LONDON - From mid-2021 until late 2022, Europe and parts of Asia were gripped by an energy crisis, as oil, gas, coal and power prices surged, in some cases to record highs, forcing households and firms to cut use rapidly.
Russia’s invasion of Ukraine and sanctions imposed in response by the U.S. and its allies disrupted energy supplies that were already stretched by the rebound in industrial production after the coronavirus epidemic.
But 18-24 months later, the acute phase of the adjustment is complete, with energy inventories comfortable and prices reverting towards long-term inflation-adjusted averages.
Chartbook: Europe's energy supplies and prices
There will undoubtedly be more shocks in future, but the disruption associated with the end of the pandemic and Russia’s invasion of Ukraine is over. Markets have adapted.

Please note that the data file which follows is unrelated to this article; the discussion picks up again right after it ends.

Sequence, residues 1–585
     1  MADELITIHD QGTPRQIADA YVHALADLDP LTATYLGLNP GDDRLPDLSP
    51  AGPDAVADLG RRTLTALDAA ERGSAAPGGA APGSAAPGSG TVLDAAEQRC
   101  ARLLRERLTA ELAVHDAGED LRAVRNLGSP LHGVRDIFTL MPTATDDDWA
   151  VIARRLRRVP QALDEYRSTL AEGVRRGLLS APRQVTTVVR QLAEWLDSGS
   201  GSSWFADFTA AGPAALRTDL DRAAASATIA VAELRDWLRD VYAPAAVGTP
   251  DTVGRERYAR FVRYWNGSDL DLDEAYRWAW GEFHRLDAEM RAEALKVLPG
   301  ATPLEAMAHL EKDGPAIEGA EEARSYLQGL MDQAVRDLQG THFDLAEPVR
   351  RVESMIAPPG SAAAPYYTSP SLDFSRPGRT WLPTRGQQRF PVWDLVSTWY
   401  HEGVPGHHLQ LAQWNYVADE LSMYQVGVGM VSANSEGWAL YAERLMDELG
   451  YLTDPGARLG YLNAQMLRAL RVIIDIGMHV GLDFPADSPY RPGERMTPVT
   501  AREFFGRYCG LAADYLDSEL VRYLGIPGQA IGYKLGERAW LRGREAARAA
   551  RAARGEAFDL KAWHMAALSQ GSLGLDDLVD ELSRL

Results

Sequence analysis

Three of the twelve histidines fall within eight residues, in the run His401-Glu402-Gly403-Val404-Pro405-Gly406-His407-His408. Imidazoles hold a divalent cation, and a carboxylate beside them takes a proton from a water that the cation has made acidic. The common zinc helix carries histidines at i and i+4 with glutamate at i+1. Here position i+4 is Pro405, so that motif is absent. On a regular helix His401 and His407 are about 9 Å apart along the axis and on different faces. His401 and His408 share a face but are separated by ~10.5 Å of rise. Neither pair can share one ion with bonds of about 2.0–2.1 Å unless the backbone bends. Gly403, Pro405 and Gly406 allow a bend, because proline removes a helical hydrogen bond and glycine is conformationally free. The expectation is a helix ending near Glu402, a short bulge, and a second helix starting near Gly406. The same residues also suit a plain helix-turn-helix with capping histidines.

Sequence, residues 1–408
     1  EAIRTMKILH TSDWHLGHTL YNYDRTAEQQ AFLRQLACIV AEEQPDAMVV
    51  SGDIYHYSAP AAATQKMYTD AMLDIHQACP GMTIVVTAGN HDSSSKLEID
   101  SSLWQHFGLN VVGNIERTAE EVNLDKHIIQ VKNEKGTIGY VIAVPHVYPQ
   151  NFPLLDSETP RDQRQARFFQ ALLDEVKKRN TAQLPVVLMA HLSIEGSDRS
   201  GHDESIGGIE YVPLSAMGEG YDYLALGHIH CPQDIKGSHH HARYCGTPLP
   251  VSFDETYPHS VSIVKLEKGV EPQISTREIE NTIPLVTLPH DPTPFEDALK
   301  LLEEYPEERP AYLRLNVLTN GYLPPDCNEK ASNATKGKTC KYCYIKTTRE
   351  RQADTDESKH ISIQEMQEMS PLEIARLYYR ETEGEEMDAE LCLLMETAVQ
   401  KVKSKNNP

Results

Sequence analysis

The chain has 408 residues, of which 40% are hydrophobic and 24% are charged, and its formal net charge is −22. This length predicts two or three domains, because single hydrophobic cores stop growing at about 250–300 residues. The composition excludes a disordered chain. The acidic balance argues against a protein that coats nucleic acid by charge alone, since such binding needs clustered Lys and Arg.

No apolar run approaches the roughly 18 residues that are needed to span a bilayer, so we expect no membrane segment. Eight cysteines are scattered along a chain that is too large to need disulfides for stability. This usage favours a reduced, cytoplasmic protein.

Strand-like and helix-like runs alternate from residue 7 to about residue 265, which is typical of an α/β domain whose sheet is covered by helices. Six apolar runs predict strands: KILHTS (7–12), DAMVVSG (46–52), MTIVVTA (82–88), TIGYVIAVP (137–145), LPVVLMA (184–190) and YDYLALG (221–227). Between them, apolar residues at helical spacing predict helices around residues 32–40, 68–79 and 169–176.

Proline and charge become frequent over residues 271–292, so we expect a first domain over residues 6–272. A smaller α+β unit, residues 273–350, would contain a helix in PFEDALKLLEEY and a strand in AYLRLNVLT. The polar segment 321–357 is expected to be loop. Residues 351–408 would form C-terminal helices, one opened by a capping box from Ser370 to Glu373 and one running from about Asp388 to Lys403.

Europe’s residual issue is that it has swapped relatively cheap Russian pipeline gas for relatively expensive LNG, putting its industrial competitiveness at risk, but that is a chronic problem rather than a crisis.
In the oil market, U.S. domestic crude and condensates production has continued to increase and surpassed its pre-pandemic peak in August 2023. Other non-OPEC production sources are also growing steadily.
High-frequency data from the U.S. shows commercial crude inventories were 12 million barrels (+3% or +0.26 standard deviations) above the prior ten-year seasonal average in mid-November, an indication the market is comfortably supplied.
Front-month Brent crude futures have averaged $82 per barrel so far this month, exactly in line with the median since the start of the century after adjusting for inflation.
Brent’s six-month calendar spread has traded in an average backwardation of $1.57, only modestly above the long-term average of $1.04.
By late 2022 and early 2023, fears about over-production and the potential accumulation of oil inventories had replaced concerns about insufficient supplies and the rapid depletion of stocks.